What is the difference between generic alendronate and Fosamax®?

Roughly speaking, there is no difference. They are the same active chemical, C4H12NNaO7P2. They may have different filler materials and may be packaged differently, but the Food and Drug Administration requires all generic equivalents to be as effective as their branded counterparts. The drug company Merck owns the brand name Fosamax® and only they and their representatives can legally sell alendronate under that name in the United States.

A brand name drug is considered an innovator, or discovery, drug because it has an original composition. Because of this new composition, the drug has three overall phases of testing: laboratory, animal, and human. The research company must first file a New Drug Application or (NDA)1 with the FDA Center for Drug Evaluation and Research (CDER). They must provide evidence regarding the risks and benefits of testing the compound based on laboratory/animal testing results. In order to test human subjects, the pharmaceutical company must provide evidence that the benefits of the potential drug treatment outweigh the risks of adverse events in humans. Once this is approved, a series of clinical trials is done. Evidence of the drug's effectiveness, reports of adverse events, study results, and analyses are sent to the CDER with added sections to their NDA, which includes multiple detailed sections on everything from chemical composition to packaging. This process, from research to clinical trials, can be very expensive. Because of the time and expense, the company can patent their drug composition with the idea of recouping some of the costs involved from the long research and approval process. This patent lasts 20 years from the date of the first US patent application.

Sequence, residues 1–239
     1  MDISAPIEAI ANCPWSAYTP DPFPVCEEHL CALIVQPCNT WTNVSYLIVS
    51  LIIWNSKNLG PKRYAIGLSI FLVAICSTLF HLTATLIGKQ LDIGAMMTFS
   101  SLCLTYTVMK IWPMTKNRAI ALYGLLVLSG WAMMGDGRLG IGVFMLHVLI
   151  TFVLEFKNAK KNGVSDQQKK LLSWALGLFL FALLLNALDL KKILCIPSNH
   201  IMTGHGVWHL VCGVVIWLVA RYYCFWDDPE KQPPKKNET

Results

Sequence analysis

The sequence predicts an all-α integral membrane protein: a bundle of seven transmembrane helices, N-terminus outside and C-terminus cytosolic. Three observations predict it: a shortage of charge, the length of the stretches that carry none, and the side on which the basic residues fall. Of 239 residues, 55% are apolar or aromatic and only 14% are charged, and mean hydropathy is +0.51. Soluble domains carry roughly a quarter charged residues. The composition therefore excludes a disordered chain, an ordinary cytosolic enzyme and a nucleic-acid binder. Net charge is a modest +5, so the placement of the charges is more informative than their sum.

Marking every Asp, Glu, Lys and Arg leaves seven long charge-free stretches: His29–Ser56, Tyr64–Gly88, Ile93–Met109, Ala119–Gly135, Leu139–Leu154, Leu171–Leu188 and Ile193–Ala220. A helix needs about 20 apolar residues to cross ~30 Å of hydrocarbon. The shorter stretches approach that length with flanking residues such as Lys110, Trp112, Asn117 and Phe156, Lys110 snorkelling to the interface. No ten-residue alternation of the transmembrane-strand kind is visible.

Companies authorized by the FDA to make generic alendronate include Sandoz, Barr, Teva, and Ivax.

Doctors, nurses, and the larger medical industry as well as consumers are familiar with the word Fosamax® and typically refer to alendronate as Fosamax. You might hear someone mention they are taking generic Fosamax® or even have your doctor tell you he is giving you a prescription for Fosamax® even if the pharmacy substitutes a generic.


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